Brands and advertisers are constantly on the hunt for the latest way to reach and connect with the consumer. With leading research suggesting that the most effective way to do just that in advertising is by being highly emotive, many brands are looking to tug on your heartstrings with their adverts.
Many brands think the way to achieve this is by championing a particular cause; with some now even venturing into political arguments! It’s an incredibly volatile new frontier for brands and advertisers and McDonald’s highly publicised faux-pas demonstrates exactly why.
Many in the media have labelled this form of advertising ‘sadvertising’ for obvious reasons. But brands are still pursuing the method for one simple reason – it works, for the most part.
The McDonald’s advert is the obvious exception. The advert took an incredibly (and little discussed) issue in the form of child bereavement and tried to sell their product using it, or that’s how people perceived it anyway.
Dove Real Beauty
But there are plenty of examples of good forms of meaningful marketing including Dove’s Real Beauty campaign, which Dove crafted after surveying 3,000 women and finding only 2% thought of themselves as beautiful.
The campaign came at a time when this view was undoubtedly catalysed (in part, at least) by the unrealistic and unattainable models advertisers so often put in front of them. Many women appreciated the Real Beauty campaign for changing the conversation around what female beauty entails – which made it a spectacular success.
Dove’s latest instalment of Real Beauty Sketches Ad has racked up over 64 million views so far, it’s incredibly popular because it champions a cause that it’s consumer base can associate with and that seems relevant to the brand.
Dove didn’t just talk about beauty though, they coupled their adverts with real action by creating a fund back in 2004 to partner with various organisations to generate discussion around online bullying and to create photography projects to capture the beauty the girls see in the world around them.
Why Didn’t The McDonald’s Advert work?
So why didn’t the McDonald’s advert work when other brands find ‘meaningful marketing’ or ‘sadvertising’ so popular?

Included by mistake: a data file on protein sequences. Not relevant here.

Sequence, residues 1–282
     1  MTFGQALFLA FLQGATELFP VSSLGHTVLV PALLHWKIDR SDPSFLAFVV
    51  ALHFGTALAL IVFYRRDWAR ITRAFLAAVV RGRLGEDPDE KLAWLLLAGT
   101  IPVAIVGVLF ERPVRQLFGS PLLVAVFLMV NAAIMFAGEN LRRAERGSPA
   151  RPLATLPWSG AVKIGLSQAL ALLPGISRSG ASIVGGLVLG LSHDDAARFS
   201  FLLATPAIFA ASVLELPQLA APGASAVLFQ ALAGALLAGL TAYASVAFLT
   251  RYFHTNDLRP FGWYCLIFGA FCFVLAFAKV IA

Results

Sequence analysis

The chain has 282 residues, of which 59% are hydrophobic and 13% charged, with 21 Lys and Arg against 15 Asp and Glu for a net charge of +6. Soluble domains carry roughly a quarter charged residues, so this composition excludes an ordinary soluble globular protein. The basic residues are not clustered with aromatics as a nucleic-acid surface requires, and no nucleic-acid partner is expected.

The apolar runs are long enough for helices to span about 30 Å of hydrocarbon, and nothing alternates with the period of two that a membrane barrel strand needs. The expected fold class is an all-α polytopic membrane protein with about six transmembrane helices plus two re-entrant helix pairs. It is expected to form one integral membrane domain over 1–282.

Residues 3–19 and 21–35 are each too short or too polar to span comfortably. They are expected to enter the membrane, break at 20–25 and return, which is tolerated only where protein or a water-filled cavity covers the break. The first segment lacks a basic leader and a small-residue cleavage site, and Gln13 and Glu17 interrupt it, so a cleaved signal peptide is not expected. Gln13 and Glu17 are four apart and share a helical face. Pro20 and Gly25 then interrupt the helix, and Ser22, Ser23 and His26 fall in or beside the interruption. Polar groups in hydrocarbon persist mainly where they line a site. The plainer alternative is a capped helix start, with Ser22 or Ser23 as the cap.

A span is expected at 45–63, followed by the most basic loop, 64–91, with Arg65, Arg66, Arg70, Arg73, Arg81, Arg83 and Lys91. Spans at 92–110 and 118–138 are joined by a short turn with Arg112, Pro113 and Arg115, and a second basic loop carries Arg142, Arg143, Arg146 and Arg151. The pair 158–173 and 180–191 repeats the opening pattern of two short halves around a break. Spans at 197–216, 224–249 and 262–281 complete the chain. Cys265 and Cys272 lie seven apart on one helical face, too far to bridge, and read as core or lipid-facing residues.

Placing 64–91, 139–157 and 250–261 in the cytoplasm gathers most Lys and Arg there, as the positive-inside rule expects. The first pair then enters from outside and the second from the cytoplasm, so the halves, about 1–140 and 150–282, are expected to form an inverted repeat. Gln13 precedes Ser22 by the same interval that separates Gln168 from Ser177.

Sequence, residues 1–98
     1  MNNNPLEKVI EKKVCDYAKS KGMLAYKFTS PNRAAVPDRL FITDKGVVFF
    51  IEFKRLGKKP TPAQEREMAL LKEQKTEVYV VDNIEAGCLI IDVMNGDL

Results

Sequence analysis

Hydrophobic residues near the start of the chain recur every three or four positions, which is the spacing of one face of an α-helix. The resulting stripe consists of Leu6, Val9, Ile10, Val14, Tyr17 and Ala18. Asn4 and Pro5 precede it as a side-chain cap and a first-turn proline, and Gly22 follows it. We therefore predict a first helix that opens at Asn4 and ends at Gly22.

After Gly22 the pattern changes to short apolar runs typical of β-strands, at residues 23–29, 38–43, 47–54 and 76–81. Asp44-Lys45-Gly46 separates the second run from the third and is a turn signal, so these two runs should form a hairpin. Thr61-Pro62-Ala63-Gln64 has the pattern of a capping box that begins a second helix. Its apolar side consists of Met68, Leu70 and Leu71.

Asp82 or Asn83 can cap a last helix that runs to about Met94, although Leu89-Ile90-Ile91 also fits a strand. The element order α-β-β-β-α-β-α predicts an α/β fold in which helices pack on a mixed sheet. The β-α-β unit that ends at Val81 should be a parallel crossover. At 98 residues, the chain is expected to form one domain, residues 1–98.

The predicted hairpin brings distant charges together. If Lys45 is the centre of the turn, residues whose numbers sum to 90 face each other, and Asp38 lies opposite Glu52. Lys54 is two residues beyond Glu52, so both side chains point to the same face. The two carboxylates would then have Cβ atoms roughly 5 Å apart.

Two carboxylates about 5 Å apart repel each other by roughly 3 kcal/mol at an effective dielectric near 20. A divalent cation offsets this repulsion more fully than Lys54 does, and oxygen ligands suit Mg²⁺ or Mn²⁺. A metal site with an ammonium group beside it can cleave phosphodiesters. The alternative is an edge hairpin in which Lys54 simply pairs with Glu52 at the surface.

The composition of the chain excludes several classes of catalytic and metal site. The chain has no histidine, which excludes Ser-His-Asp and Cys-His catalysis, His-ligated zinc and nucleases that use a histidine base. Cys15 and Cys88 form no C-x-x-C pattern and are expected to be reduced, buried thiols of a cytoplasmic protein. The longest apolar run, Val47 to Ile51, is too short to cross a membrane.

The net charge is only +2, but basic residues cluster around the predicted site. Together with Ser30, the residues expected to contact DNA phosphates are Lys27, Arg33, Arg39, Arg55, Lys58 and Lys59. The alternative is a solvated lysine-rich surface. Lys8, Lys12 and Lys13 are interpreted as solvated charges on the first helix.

The answer might be quite simple and you’ve probably already figured it out…
For a brand to make a truly emotional connection with the consumer the cause it champions must be highly relevant. In other words, there must be a clear reason why the brand should champion the cause.
That reason can’t be randomly conjured by the brand either (like McDonalds tried), it must fit into the consumers ‘worldview’ to use Seth Godin’s term. If the consumer doesn’t see or appreciate the connection, because the link is too tenuous, then ‘meaningful marketing’ will backfire spectacularly.
Dove’s Real Beauty campaign worked because it played into what most people know to be true – that women on billboards don’t exist, they are photoshopped fantasies that portray an ideal and effectively belittle women by doing so. But Dove pointed out that real women offer real beauty, a heart warming message we can all buy into.
In McDonald’s case they have tried to pull a link between child bereavement and their product when it doesn’t exist, a burger cannot cure such trauma.
What McDonald’s Should Have Done
But what cause could a brand like McDonald’s champion?
What do they stand for in your opinion? Other than producing food that is bad for your health very quickly.
Well perhaps there’s the answer. McDonald’s can and has championed causes that have been highly relevant to its brand in the past by helping others lead a healthy lifestyle, just like the brand’s sponsorship of children’s football and other sport.
People can appreciate that, because it is tantamount to “yeah, their burgers are bad for you but they encourage and sponsor kids exercise.”
McDonald’s won’t convince us their product is healthy and they won’t change it either – why would they, but they are also a brand that offers little depth so by attempting to take a serious problem and utilise it in an advert was a serious problem.
Queue popular backlash. Don’t make the same mistake with your advertising, contact The Living Room instead for exceptional advice.